Dockless pogo sticks could be joining scooters on streets of Paris

Dockless pogo sticks could be coming to the streets of Paris soon - if a Swedish company has its way.

Dockless pogo sticks could be joining scooters on streets of Paris
The pogo stick is enjoying a new surge of popularity. Photo: AFP

Pedestrians in Paris may feel that they already have enough to deal with with the ubiquitous electric scooters, not to mention bikes, mopeds, hoverboards and of course cars. But the already fairly crowded shareable transport market could be getting a new addition in September – pogo sticks.

Swedish tech start-up Cangaroo has announced that it will be launching a fleet of shared, app-based pogo sticks in Malmo and Stockholm this summer.

And if the trial goes well, the company boss told French newspaper 20 Minutes that they would be expanding to Paris in September. 


Scooters on the streets of Paris. Photo: AFP

Adam Mikkelsen, co-founder of Malmo-based Cangoroo told French media: “If all goes well, we could deploy our pogo sticks in Paris in September.”

“In our opinion, jumping on a stick is fun and can burn a lot of calories. In addition, the lifespan of a pogo stick is much longer than that of an electric scooter. And we don't use lithium batteries.”

In recent years Paris has seen an explosion in dockless, app-based, shareable transport, starting with bike hire schemes such as Velib and expanding to electric scooters, or trottinettes.

However while they have proved popular with locals and tourists alike, the sheer number of machines has begun to cause problems for the city.

Scooters being ridden on the pavement are a particular bugbear of pedestrians, while drivers complain that scooters or bikes abandoned in unsuitable areas block parking spaces.

Earlier this month, the Paris mayor's office called together all the major players in the scooter market and gave them a voluntary 'good conduct' agreement to sign, to fend off the threat of further regulation or even a complete ban.

It is already illegal to ride a scooter on the pavement – punishable with a €135 fine – while parking in a way that could obstruct pedestrians or traffic gets a €35 fine.

Cangaroo is launching a fleet of around 100 dockless pogo sticks in Sweden this summer, with fees of around €1 for unlocking, then 20c a minute.

Adam added: “We really love Paris and have received a lot of good feedback and love from Parisians.”

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Paris considers ban on electric scooters after pedestrian’s death

Paris has threatened to ban e-scooters if their operators don't enforce speed limits and other rules after a pedestrian was knocked down and killed by two riders who fled the scene.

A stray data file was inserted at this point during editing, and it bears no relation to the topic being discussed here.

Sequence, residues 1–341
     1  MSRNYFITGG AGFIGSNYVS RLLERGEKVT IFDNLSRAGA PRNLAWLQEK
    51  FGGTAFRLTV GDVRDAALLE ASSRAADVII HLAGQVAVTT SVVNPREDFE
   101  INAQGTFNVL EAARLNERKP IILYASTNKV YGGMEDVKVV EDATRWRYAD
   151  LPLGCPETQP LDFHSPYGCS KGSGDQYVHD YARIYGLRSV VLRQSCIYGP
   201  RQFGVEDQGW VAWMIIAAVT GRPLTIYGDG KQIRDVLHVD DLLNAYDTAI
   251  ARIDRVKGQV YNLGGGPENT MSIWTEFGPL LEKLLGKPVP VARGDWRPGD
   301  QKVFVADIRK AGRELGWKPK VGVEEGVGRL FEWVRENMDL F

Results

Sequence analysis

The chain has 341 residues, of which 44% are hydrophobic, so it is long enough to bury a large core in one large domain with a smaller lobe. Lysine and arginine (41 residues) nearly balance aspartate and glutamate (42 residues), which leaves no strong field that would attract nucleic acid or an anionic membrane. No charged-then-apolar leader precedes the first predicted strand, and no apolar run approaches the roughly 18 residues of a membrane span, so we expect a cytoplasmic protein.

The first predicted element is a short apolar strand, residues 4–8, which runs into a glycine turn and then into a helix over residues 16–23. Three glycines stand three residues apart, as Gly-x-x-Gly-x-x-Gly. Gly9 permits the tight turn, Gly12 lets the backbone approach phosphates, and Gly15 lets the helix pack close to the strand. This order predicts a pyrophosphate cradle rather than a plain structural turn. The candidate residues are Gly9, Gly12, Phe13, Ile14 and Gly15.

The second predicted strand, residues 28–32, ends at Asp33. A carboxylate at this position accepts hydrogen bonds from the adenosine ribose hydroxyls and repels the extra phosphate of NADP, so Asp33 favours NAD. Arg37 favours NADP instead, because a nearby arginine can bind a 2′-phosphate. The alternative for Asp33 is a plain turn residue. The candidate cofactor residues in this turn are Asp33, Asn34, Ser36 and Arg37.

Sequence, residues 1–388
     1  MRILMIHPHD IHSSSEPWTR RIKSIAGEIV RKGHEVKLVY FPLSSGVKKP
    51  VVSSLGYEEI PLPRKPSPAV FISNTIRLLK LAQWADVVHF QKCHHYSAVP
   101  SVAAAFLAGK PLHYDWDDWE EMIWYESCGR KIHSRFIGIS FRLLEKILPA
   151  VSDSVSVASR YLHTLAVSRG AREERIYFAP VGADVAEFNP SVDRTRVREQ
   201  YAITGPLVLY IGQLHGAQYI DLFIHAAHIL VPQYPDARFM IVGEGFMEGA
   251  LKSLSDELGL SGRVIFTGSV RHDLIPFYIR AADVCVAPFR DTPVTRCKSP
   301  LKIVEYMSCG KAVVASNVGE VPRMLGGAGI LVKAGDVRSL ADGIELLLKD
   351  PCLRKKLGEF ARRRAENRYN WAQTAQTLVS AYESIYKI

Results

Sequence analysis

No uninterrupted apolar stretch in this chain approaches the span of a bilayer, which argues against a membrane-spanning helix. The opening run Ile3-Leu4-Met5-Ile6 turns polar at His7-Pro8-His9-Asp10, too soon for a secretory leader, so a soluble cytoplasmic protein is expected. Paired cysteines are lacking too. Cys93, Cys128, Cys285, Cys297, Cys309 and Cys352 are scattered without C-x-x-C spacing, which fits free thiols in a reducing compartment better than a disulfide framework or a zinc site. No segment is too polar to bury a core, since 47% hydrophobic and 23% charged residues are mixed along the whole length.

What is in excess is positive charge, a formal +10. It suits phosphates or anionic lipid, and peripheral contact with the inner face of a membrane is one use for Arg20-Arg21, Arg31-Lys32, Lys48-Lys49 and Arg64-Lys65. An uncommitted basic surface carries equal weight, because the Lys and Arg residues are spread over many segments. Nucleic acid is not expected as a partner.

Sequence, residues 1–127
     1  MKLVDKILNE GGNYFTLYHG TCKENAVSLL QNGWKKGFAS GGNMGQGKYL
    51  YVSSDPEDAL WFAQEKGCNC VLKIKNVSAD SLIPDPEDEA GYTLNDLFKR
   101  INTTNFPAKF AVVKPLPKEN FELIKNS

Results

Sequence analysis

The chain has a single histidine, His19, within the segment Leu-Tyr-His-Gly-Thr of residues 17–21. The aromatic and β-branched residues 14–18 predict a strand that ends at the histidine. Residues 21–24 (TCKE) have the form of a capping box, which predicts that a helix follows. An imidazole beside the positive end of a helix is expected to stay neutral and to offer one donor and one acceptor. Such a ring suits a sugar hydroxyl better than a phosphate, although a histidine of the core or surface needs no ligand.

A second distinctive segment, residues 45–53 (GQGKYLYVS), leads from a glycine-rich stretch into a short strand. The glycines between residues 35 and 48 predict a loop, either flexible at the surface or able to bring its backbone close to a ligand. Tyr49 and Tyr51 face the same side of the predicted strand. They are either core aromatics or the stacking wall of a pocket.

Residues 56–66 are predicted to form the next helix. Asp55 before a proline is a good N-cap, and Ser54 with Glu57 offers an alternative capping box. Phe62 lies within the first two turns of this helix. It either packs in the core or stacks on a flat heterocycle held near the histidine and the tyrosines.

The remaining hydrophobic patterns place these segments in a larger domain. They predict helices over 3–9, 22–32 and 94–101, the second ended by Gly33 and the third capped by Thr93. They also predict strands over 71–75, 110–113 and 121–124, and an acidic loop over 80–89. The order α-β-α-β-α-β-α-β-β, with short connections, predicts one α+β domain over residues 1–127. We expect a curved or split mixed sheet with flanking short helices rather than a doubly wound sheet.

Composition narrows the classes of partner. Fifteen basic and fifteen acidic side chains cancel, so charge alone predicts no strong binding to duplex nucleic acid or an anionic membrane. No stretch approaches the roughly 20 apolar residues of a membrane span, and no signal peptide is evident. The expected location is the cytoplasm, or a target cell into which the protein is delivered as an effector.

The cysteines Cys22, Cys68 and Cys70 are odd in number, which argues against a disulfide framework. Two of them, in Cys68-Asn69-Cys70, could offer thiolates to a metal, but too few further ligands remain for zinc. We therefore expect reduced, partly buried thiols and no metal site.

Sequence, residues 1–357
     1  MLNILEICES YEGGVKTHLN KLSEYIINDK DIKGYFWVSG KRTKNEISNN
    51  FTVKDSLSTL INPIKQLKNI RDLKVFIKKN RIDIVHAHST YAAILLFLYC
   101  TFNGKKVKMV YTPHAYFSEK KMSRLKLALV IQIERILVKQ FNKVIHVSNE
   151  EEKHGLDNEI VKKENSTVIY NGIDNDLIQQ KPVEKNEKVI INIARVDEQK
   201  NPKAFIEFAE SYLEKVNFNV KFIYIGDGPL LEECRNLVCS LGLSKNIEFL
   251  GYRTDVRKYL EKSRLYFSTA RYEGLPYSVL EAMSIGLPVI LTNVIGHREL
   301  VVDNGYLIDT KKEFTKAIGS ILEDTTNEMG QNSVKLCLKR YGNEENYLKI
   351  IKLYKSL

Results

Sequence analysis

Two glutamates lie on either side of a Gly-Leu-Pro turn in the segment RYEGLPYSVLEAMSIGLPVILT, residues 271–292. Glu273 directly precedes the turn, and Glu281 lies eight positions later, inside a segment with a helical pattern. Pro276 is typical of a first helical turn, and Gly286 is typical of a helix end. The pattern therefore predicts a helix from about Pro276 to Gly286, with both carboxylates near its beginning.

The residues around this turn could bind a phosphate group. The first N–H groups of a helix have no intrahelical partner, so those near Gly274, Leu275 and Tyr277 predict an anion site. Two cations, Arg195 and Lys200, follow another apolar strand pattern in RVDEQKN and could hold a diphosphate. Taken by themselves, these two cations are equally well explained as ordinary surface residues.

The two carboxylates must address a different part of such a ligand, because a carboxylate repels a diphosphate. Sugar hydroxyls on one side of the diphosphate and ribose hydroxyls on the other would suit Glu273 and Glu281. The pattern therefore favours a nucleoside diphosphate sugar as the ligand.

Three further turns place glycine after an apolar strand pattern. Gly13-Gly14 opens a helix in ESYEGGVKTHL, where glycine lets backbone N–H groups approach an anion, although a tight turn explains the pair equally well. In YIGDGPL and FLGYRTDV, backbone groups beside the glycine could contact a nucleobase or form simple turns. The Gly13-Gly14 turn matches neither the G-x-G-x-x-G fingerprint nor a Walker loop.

Paris considers ban on electric scooters after pedestrian's death
Photo: Ludovic MARIN / AFP.

Some 15,000 devices are available for rental across the city, where they are supposed to travel no faster than 20 km/h with one rider only, and only on streets or bike paths.

Critics say those rules are hardly enforced, and abandoned scooters are often seen scattered on sidewalks and squares.

“Either the situation improves significantly and scooters find their place in public areas without causing problems, in particular for pedestrians, or we are studying getting rid of them completely,” deputy mayor David Belliard, in charge of transportation, told AFP late on Tuesday.

“Other cities have done it,” he said, citing the Paris suburb of Issy-les-Moulineaux as well as New York and Barcelona.

On Saturday, police charged a nurse with aggravated manslaughter over a fatal collision earlier this month with a 32-year-old Italian woman living in Paris, who was standing on the banks of the Seine talking with friends when she was hit.

The rider and a passenger on the same scooter fled the scene and were found after a 10-day search.

The woman’s death, which brings to at least three the number of people fatally hit by e-scooters in Paris since 2019, revived the debate over allowing the devices on the city’s streets.

Belliard said he had summoned executives from the three e-scooter operators, Lime, Dott and Tier, telling them he had received “lots of negative feedback about scooters on sidewalks, the sense of insecurity, and scooters abandoned in the streets.”

Their contracts, which add nearly €1 million a year to the city’s coffers, run through October 2022, when they risk not being renewed, Belliard said.

He added that starting on Wednesday, operators must ensure that scooter speeds do not exceed 10 km/h in several “slow zones” in central Paris, including the popular Republique and Bastille squares, where the city has recently added large pedestrian zones.

Operators are able to install speed brakes that come on automatically if the scooter enters slow zones, which are programmed into the GPS units.